A body that advises the state of Massachusetts about health information exchanges has devised an unusual approach to maintaining the privacy of patient information while allowing the use of audit trails.
In a recent blog post, John Halamka, CIO of Beth Israel Deaconess Medical Center in Boston, explained that the technology workgroup of the Massachusetts State HIE Advisory Committee recently grappled with an issue that arises from the use of the Direct secure messaging protocol: When one provider sends a Direct message to another, it is surrounded by an electronic "envelope" that contains key information about senders, receivers and content in the form of metadata. While unauthorized parties cannot access that information, it is also unavailable for audit purposes.
Halamka notes that patient identifiers may be necessary in case an authorized party needs to know, for example, when messages concerning a particular patient were sent from one provider to another. "For medical/legal, data integrity, and service level guarantees, patient identifiers in the audit trail make HIE operations easier," he writes.
The question is how to provide that information without violating a patient's privacy, or raising concerns that HIE staff members might have unauthorized access to the data.
The Massachusetts advisory committee's workgroup came up with an ingenious solution, Halamka reports. "We elected to remove all human readable patient identifiers from the audit trail, instead using hashes of such data elements as name and date of birth for auditing purposes," he says.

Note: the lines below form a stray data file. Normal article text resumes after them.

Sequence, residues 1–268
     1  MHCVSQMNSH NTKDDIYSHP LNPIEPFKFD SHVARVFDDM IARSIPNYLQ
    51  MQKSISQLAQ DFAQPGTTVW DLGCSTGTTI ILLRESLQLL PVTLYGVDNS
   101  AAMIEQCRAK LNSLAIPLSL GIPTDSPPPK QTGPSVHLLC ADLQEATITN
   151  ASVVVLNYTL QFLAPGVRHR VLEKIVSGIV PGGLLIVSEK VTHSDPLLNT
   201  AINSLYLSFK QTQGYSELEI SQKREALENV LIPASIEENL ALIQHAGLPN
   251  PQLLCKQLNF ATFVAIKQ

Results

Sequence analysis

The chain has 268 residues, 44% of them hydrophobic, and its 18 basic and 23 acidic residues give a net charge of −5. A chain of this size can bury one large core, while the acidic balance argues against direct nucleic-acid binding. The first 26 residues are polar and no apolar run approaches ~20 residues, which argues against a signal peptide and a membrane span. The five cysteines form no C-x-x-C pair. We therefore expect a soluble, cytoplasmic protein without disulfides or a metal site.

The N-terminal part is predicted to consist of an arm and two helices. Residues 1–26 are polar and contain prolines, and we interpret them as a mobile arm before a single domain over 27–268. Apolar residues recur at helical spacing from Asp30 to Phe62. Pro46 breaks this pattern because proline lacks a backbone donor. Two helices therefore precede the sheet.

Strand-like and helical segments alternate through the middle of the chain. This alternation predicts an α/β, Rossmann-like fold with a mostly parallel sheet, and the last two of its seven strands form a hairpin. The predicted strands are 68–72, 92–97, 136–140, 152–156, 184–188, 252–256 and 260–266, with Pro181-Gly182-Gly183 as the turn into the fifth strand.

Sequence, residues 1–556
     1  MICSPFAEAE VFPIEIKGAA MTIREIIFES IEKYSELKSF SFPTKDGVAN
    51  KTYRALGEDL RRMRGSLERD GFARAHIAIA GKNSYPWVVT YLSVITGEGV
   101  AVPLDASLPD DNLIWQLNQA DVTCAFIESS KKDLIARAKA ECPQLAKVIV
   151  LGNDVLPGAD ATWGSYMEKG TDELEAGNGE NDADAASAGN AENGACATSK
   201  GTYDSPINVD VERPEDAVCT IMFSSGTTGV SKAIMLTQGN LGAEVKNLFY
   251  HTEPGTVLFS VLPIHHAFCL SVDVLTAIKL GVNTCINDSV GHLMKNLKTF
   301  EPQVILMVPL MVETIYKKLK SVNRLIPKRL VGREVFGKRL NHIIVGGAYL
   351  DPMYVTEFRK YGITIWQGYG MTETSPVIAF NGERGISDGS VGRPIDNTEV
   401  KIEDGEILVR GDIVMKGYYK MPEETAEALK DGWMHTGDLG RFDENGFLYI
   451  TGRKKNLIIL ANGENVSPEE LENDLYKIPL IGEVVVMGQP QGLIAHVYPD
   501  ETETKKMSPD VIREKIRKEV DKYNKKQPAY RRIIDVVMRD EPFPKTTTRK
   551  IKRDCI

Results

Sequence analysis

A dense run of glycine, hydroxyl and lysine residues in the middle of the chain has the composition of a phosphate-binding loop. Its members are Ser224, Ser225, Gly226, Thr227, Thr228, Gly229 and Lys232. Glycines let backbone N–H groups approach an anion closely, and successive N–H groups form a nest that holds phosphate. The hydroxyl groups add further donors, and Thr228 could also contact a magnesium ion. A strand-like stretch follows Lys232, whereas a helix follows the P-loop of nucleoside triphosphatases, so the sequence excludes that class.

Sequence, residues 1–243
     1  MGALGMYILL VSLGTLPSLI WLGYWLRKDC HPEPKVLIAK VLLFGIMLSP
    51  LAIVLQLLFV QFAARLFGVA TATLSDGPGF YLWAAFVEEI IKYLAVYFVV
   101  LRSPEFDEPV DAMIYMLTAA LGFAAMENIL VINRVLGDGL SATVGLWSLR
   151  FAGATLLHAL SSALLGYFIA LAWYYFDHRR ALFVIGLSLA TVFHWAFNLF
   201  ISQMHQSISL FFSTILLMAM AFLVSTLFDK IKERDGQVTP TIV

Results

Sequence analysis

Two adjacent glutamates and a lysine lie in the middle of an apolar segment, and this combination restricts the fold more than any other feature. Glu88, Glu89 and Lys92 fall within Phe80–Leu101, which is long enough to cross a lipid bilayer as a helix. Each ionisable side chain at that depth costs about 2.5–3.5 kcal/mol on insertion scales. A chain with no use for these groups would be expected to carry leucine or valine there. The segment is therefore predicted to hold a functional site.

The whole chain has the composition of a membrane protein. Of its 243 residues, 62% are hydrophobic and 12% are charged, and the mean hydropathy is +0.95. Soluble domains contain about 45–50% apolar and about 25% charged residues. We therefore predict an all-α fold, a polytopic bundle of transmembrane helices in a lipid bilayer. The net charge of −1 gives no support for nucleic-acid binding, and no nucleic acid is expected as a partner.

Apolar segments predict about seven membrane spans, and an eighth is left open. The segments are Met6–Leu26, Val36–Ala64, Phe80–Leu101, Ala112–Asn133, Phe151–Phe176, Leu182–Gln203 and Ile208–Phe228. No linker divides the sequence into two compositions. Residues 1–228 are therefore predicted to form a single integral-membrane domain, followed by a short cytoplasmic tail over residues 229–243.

In other words, the technical experts decided to use a "hashing algorithm" to anonymize patient identifiers. For example, Halamka says, his first name becomes AY#! and his last name becomes *iUOP. So even if an HIE staffer breached or mined the audit trail, he or she could not identify Halamka.
Beyond the use of hashing algorithms in Direct messaging, Halamka adds, they also could be important for linking together heterogenous databases and using business intelligence applications in accountable care organizations.
HIEs increasingly are utilizing Direct for a variety of purposes, said participants in a seminar at the conference of the Healthcare Information and Management Systems Society (HIMSS) in February. For example, Holly Miller, CIO of MedAllies, a New York exchange, said her organization uses Direct to enable primary care doctors to send an "order" to a specialist for a referral and to receive a "result" in the form of the consultant's report.
To learn more:
- read Halamka's post